- He has commanded in every rank from lieutenant to vice admiral, and has flown his flag in all three of the Navy's aircraft carriers.
- Admiral Jellicoe flew his flag in the battleship HMS Iron Duke at the Battle of Jutland in 1916.
- Leading the Japanese Fleet was Admiral Heihachiro Togo, who flew his flag in the battleship Mikasa.
- The early ensigns were striped flags, some in the green and white of the Tudor Royal Livery colours, some red and white, some in other livery colours.
- The title went to Her Majesty, and with it yet another flag - the Admiralty flag of a gold anchor on red.
1(mark with flags)marcar con banderasseñalar con banderas
2(mark for special attention)marcar
con un indicador o una bandera
1(on pavement)losa femeninopiedra femenino
- The work, beginning on Sunday and lasting for two weeks, involves digging out the asphalt path and replacing it with York stone flags.
- The work involves lifting pavements and replacing them with York stone flags.
- The Larder is basically a renovated two-storey barn, with warm stone flags, aged wooden beams and a collection of nicely lived-in old furniture.
- Valuable stone flags and memorial stones have been stolen by thieves in a series of churchyard raids.
- Stone flags are £32 per square yard and slates go for £2 each.
- There are a lot of stone flags and items stolen which are part of the village's history, so I thought something should be done.
- He then found his brother laid on stone flags in the yard.
- Its mills and cottages were beautifully built of Lancashire sandstone; its streets cobbled in granite; its pavements made of York stone flags.
- There were stone flags, bare boards and no central heating.
- If you create something that's all railings and stone flags and lamp posts and signs, it may be neat and tidy but it doesn't do anything for wildlife.
- They were surfaced with stone flags and were used for several centuries after the collapse of the Roman Empire in the First Millennium.
- At least the continuous cacophony, sounded like a wooden bucket being dragged across the floor, interspersed with the sound of bristles being vigorously applied to stone flags.
- In one part of the bar, there were still stone flags.
- Discarded items littered the paving flags, prams, shopping trolleys, bags of presents never to be opened.
- At the side of the house are a parking space, a garage and an enclosed courtyard with York stone flags.
- The reporter had to ‘hack his way through the branches of a tree standing in the middle of the stone flags.’
- York stone flags, laid in random sizes, were chosen for the paving to give a sense of quality and scale.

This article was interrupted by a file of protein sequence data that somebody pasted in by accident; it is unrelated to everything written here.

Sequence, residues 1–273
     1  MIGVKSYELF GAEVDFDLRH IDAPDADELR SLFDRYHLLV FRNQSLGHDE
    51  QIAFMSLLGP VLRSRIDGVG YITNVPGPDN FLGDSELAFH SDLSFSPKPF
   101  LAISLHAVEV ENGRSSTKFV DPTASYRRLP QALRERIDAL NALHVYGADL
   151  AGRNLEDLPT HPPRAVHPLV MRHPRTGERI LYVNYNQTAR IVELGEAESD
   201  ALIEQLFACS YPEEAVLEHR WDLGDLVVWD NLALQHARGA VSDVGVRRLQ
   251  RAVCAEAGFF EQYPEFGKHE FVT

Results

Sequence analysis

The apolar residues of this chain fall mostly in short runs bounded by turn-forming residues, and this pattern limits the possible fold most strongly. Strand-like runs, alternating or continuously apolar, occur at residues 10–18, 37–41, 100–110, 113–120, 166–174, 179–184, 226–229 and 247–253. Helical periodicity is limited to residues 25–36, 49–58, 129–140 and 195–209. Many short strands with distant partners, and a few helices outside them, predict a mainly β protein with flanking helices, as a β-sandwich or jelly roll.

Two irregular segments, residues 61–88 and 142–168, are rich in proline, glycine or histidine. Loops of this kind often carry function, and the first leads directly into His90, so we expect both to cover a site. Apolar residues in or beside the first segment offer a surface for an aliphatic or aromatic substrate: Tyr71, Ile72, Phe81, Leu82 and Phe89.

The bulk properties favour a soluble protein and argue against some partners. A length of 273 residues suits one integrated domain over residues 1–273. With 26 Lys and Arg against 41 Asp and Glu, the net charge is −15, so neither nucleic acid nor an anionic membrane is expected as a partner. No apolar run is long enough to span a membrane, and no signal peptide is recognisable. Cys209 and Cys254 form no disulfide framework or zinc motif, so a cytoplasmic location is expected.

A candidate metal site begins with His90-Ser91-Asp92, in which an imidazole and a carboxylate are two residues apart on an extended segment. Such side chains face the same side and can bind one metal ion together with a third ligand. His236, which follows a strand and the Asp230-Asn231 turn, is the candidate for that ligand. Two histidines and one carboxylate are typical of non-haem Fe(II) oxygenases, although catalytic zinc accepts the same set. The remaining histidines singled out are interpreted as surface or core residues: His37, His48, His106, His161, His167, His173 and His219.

- Equally, if anyone is offered worn York stone flags, they should be suspicious.
- The work would include inserting an original door entrance and erecting railings and laying old stone flags outside.
- Part of the work was the removal of stone flags which formed a raised area three steps high on which stood the altar.
- Water vapour and carbon dioxide exchange were measured weekly on attached flag leaves from flowering until full senescence, from eight different plants of each line.
- This area of yellowed chlorotic tissue marks the juncture of the stems and the flag leaves at the time of the freeze.
1(animal/person) desfallecer(person/animal) flaquear
- But two weeks passed and her hopes began to flag once more.
- He says her career was flagging when she hired him in 2003.
- Their energy - if not their enthusiasm for commerce - flagging, the group descended into the underground mall in search of the food court.
- Both bands sounded bold and undeniably potent, were popular with the dance floor crowd and re-energised any flagging attention spans.
- The party, so recently flagging, was beginning to take flight now.
- Perhaps this could be used when the increasingly preposterous plotlines begin to flag in a couple of series time.
- After her singing career flagged during the 1990s she reinvented herself as a pop diva, scoring 37 hit singles in the UK.
- And that's where the book begins to flag, losing its plot.
- We had to leave after only a few hours because Mark was starting to flag a bit.
- Understandably, the smiths began to flag towards the end of the afternoon, for it was a hot day to be working orange hot iron.
- I'm beginning to flag by now, but we still have our ceremony to go.
- I wasn't on best form, still suffering a little from my recent attack of the wearies, so I began to flag about half-way round the store, seeking places to sit for a while as Graham rummaged.
- The village pub is only 39 steps away (why else do you think we bought the house?) and when things begin to flag we can take them across to revitalise the proceedings.
- When her efforts continued for almost three hours and her strength began flagging, vets finally decided to prepare a mixture of water and medication to assist the rest of the birth.
- It's a shame then that after such an inventive start the album begins to flag midway, with a series of mid-tempo ballads plodding by in unremarkable succession.
- The general impression is that agricultural expansion began under Augustus and flagged somewhat during the troubled period following his death.
- Unfortunately after that it starts to flag quite seriously as you begin to realise there's actually not very much at all about to happen.
- These public efforts began to flag in the late nineteenth century.
- I have played dolls with her once before and I am rather unsure of what I am supposed to contribute, but today I was very tired after the week's exertion and was flagging fast.
- Although my head was definitely up for some serious retail therapy, my heart was elsewhere and I found my enthusiasm flagging after two or three shops.
2(interest/spirits/conversation) decaer(attendance) disminuir(attendance) bajartheir strength flagged — les fallaron / les flaquearon las fuerzas
- the movement has begun to flag — el movimiento ha empezado a perder vigor / fuerza
3flagging pres p(interest/confidence/enthusiasm) cada vez menorhe tried to revive their flagging spirits — intentó reanimarlos